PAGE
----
Students told to hurry degrees

June 14, 1996

The Netherlands' controversial study finance scheme has come under renewed fire from students and universities.

Their targets are changes to the 1993 legislation that links grants to performance. The government now wants to raise the number of study points students need to get in any one academic year if they are to avoid grants being converted to loans.

It also wants to cut the number of years they have to complete their studies from six years to four.

From September this year, students will have their grants turned into loans if they fail to achieve 50 per cent of 42 study points each year, rising to 70 per cent in 1997 and 1998.

At present a student is required to attain a minimum of ten study points in the first year.

Following the introduction of the performance grant legislation, 5 per cent of the Netherlands' 400,000 higher education students failed to meet the target and face having to repay a total of Fl78 million (Pounds 30 million).

The study finance plan not only links student grants to individual study speed, but is an attempt by the ministry of education to stop an expensive practice which allowed students to delay graduation for as long as they wished.

Dutch students graduate whenever they have accumulated a total of 168 credit points (each point is calculated as one study week of 40 hours).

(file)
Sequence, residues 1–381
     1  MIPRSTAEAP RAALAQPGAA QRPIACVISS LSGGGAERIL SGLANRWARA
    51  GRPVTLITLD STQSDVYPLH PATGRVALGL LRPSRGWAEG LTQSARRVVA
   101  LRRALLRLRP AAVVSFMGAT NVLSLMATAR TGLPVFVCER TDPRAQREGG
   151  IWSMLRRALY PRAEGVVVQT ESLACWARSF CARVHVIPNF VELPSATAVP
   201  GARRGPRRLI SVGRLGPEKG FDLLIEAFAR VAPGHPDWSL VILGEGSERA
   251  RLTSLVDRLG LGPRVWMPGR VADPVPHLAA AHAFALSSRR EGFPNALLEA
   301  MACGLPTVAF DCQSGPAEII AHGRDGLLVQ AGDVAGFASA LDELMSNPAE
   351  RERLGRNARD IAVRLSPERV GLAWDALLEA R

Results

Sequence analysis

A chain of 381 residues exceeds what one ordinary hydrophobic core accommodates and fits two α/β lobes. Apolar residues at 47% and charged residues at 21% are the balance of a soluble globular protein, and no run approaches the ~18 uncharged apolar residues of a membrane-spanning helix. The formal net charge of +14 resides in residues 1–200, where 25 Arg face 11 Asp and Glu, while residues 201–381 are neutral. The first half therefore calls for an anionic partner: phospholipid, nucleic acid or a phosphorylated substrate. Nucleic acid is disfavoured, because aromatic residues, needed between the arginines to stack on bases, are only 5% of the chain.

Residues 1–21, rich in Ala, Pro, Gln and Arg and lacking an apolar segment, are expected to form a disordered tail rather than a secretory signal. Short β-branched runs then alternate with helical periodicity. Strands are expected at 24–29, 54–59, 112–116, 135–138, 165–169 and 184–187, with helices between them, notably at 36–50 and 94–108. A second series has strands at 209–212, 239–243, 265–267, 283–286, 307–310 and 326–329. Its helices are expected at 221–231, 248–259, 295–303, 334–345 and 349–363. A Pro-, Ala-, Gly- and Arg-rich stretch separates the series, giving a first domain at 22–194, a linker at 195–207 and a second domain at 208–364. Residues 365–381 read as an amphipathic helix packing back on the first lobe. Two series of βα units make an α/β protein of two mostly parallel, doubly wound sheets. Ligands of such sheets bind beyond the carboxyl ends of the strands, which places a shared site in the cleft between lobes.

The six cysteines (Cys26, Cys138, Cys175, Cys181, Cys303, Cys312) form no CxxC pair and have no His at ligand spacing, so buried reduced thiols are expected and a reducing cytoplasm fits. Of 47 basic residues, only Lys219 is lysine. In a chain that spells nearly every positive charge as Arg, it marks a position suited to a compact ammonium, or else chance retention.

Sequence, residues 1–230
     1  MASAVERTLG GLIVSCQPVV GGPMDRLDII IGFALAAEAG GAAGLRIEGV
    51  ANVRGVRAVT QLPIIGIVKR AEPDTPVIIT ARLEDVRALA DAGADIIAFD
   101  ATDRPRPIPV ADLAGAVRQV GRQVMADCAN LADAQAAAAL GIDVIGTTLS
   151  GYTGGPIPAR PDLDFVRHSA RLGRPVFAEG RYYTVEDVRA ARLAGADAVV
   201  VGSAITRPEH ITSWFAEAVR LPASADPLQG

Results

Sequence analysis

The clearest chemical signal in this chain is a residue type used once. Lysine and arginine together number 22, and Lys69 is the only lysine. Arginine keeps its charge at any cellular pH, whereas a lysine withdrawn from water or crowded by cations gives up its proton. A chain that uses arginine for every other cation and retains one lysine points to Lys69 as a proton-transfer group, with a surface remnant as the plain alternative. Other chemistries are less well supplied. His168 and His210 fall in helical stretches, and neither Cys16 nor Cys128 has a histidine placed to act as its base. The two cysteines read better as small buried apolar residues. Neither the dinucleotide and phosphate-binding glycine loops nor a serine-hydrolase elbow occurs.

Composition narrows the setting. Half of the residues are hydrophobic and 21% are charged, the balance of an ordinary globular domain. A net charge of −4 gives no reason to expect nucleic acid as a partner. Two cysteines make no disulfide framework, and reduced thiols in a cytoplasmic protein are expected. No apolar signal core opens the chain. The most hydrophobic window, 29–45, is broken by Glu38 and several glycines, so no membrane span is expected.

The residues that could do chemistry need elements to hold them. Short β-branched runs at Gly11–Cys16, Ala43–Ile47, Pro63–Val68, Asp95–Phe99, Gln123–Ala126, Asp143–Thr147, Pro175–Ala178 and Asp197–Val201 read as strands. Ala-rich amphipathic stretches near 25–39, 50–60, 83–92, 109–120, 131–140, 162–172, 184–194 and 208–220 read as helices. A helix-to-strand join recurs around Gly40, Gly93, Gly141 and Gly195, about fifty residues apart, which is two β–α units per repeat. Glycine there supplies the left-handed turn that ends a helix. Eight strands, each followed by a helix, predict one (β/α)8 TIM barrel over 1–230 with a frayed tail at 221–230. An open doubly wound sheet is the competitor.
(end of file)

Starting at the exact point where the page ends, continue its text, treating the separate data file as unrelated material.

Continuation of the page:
Baukje van Nunen of the student union, LSV, said: "We are afraid that the government is coming closer to creating an elitist higher education system. People from lower social classes will be too afraid to go to university in case they end up burdened with debts.

Predictions based on December's applications for this year's new intake indicate a 10 per cent drop of 14,000.

Statistics like this have prompted the Dutch universities organisation, VSNU, to urge the ministry to rethink its performance-linked grants system.

Hans Ten Brinke, said for the VSNU: "The drop in new intake is of great concern to us. We are sure the grants issue is a major factor. Grants should facilitate, not dictate, the educational process.

"For the past ten years there have been grant cuts every year and policy changes. We need a rest and have asked the ministry of education for a debate."

In preparation, VSNU is setting up a strategy group of professors and chancellors.

"We need to rethink the criteria and look at a new system even though we realise it is realistic to think we will not be getting more money. But it's too early to say what that system will be," Mr Ten Brinke said.

* The government has raised the level of supplementary student grants for the country's 30,000 single parent students from Fl23,000 to Fl30,000.

* Jaques van Velzen, primary education director at the ministry of education, culture and science, has been appointed director of university education. His predecessor is moving to the interior ministry to become director of police.

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